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Francisco Day, was equipped with a landing deck and arresting system to stop the plane. Subsequently he took off and returned to shore. Born near Iowa City, Iowa, he died in an airplane crash at Macon, Ga., on Oct. 19, 1911.

Edward Vernon Rickenbacker

Edward Vernon Rickenbacker (1890- ) is renowned for his skill as a combat pilot during World War I and for his capable direction and management of various aviation organizations, assisting immeasurably the vital growth of commercial aviation. Rickenbacker, a native of Columbus, O., was America's leading "ace" of World War I with 22 enemy planes and four balloons downed by his skill and marksmanship. For his bravery, he received a Congressional Medal of Honor. After the war, Rickenbacker became associated with several aircraft companies during their early development and assisted in the growth of several major air lines. During World War II, while on a special mission, his airplane was forced down in the Pacific ocean, and he and his companions spent three weeks in a life raft before being rescued.

Alexander Graham Bell

Alexander Graham Bell (1847-1922), honored for his research into principles of lift, propulsion and control, first became interested in aeronautics in the 1870's. He developed the tetrahedral cell in 1901 and in 1905 his "Frost King" kite, using the cell, lifted a man. In 1907 his "Cygnet" kite held a man aloft at a height of 168 feet for seven minutes. He helped form the Aerial Experiment Association in 1907 and later the Canadia Aerodrome company, both builders of airplanes. A native of Scotland, Bell worked for the establishment of a national aeronautical laboratory and also urged the establishment of an independent U.S. Air Force.

Alfred Austell Cunningham

Alfred Austell Cunningham (born 1882, deceased) was the first Marine aviator. Born in Atlanta, Ga., he accepted a commission in the Marine Corps in 1909, he became the first Marine officer to fly in 1912. In 1916 he became the first Marine officer to fly in land planes and he also made the first catapult-launched airplane take-off from a warship under way. Cunningham organized the Marine Aviation company in 1917, commanded the Marine Aeronautical company and later organized the irst Marine aviation force, all part and later organized the first Marine aviation force, all part the Marine Corps. After World War I he was officer-in-charge of Marine Aviation and later commander of the first Marine Air Squadron in Santo Domingo before his retirement in 1935.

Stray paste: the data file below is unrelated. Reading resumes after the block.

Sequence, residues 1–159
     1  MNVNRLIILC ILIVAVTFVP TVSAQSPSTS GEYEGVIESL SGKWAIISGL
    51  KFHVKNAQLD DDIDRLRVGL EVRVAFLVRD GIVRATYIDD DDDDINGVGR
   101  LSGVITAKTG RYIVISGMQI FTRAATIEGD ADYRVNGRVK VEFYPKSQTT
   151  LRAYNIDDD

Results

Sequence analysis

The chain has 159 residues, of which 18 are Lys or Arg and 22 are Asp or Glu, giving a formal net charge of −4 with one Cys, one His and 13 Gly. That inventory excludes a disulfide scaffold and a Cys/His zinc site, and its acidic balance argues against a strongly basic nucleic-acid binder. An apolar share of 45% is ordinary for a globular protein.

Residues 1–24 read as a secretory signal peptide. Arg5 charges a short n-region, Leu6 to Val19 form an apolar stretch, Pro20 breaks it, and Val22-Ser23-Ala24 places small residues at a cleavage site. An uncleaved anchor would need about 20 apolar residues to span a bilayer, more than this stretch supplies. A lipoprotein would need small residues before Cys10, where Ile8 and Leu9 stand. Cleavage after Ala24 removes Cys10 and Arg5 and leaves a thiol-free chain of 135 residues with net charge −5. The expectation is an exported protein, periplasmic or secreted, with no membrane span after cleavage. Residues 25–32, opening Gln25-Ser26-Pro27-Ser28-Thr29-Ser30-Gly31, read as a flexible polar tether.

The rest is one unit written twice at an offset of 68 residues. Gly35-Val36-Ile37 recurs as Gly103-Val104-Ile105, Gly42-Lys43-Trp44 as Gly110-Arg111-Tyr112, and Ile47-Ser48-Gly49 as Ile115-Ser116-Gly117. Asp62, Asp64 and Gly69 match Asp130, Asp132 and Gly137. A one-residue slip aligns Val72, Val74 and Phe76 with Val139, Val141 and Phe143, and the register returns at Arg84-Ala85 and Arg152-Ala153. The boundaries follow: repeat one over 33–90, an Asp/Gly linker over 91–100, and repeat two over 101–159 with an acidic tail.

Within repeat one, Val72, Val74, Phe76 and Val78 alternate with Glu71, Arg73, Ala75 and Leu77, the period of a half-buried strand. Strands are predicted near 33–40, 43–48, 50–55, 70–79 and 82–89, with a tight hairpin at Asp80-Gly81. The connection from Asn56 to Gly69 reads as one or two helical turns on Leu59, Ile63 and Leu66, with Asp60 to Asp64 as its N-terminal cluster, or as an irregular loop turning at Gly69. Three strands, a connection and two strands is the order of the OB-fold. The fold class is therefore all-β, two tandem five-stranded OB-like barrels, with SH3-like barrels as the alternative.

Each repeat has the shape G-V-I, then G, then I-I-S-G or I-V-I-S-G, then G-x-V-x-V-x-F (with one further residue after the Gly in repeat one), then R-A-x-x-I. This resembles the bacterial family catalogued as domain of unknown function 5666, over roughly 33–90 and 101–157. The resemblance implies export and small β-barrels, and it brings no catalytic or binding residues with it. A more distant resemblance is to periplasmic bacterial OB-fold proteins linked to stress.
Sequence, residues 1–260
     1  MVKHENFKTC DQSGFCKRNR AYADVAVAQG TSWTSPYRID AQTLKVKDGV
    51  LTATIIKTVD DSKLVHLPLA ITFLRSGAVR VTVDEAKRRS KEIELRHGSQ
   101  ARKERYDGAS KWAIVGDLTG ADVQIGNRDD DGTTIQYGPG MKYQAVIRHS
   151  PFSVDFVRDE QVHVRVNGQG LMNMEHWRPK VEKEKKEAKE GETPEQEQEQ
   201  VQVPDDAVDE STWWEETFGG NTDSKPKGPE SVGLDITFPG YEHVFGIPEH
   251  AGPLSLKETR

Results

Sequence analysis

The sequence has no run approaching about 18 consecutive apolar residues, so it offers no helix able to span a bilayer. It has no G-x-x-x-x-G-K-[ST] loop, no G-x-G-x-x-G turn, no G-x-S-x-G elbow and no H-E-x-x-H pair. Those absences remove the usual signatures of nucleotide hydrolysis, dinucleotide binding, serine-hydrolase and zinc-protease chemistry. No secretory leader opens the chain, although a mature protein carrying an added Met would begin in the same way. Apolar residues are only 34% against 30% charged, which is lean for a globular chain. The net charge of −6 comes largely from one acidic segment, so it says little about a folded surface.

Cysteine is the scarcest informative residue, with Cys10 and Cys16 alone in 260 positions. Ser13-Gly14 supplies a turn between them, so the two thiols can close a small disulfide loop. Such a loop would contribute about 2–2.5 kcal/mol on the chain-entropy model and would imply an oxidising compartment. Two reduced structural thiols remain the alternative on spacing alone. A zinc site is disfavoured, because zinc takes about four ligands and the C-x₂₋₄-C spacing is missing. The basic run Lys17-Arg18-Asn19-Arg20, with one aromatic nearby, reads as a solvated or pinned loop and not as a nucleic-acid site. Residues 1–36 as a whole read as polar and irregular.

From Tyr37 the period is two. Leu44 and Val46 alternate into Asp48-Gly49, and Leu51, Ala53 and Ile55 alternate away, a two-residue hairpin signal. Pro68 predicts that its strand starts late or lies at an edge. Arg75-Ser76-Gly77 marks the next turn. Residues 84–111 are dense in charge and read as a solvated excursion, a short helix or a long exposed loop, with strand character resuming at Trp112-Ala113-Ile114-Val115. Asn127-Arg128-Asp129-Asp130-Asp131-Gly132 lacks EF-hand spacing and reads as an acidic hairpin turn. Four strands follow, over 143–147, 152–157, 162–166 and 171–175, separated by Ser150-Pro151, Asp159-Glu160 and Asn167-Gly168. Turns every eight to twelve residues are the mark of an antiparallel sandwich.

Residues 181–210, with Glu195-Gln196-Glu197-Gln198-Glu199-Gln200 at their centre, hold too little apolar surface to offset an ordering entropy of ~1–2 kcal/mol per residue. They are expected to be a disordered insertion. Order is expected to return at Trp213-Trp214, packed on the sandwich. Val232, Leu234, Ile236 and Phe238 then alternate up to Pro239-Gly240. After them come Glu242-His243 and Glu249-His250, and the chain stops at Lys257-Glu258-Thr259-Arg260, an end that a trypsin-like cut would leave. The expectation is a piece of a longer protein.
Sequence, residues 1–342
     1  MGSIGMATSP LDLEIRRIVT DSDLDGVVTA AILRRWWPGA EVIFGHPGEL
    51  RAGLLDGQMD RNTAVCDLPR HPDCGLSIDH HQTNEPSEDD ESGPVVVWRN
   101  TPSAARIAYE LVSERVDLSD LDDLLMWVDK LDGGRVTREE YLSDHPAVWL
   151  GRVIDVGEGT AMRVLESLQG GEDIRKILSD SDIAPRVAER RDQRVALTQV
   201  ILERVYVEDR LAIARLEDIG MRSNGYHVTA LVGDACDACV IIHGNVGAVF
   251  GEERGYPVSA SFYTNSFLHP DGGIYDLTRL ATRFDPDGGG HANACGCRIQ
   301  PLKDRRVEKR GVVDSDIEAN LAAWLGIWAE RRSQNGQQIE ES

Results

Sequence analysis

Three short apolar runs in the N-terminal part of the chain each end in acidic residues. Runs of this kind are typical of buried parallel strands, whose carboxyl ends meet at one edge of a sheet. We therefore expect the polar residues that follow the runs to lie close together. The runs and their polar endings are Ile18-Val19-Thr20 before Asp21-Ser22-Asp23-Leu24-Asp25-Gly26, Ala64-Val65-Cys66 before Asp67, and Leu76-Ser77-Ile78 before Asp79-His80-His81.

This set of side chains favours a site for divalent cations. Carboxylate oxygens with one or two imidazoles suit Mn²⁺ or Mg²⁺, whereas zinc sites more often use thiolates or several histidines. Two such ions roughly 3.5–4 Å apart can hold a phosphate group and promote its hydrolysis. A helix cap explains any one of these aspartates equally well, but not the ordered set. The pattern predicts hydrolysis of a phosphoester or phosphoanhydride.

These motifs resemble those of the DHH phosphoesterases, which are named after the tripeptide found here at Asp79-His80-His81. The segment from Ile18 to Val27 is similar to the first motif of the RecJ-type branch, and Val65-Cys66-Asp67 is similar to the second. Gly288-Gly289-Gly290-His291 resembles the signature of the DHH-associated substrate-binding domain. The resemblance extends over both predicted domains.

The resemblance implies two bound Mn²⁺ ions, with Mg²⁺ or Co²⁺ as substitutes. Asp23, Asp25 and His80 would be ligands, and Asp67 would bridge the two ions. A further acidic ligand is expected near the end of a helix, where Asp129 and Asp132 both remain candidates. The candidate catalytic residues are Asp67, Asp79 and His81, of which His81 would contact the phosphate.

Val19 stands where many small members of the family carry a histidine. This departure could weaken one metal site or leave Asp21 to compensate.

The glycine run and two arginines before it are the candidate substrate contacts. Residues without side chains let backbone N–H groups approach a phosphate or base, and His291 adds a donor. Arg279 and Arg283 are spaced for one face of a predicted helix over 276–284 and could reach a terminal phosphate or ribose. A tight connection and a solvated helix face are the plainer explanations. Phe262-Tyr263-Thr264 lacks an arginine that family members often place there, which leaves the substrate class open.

Albert Cushing Read

Albert Cushing Read (1887- ) commanded the first successful trans-Atlantic flight in May, 1919, in an NC-4 flying boat going from Trepassey, Nova Scotia, to Horta in the Azores and then to Lisbon, Portugal. In 1920 he served at Pensacola naval air station, commanded the USS Harding and served on the Aircraft Squadrons commander's staff. Later, Read, a native of Lyme, N. H., attended the Naval War college and his subsequent commands included Hampton Roads, Va., and Pensacola naval air stations, the USS Ajax and the USS Wright. During World War II, he was chief air technical training and later commander of air fleet at Norfolk. 

Thomas Etholen Selfridge

Thomas Etholen Selfridge (1882-1908) was a pioneer in flight testing and airplane design and became the first airplane fatality when he was killed in the Sept. 17, 1908, crash of a plane piloted by Orville Wright. A graduate of the military academy, Selfridge observed many of Alexander Graham Bell's experiment and made the 1907 seven-minute flight with a Bell-designed kite at a height of 168 feet. Born in San Francisco, he designed the Aerial Experiment association's "Red Wing" airplane and flew the association's second plane, "White Wing." He assisted in building other airplanes and, in August, 1908, served on a board testing the Army's first dirigible. 
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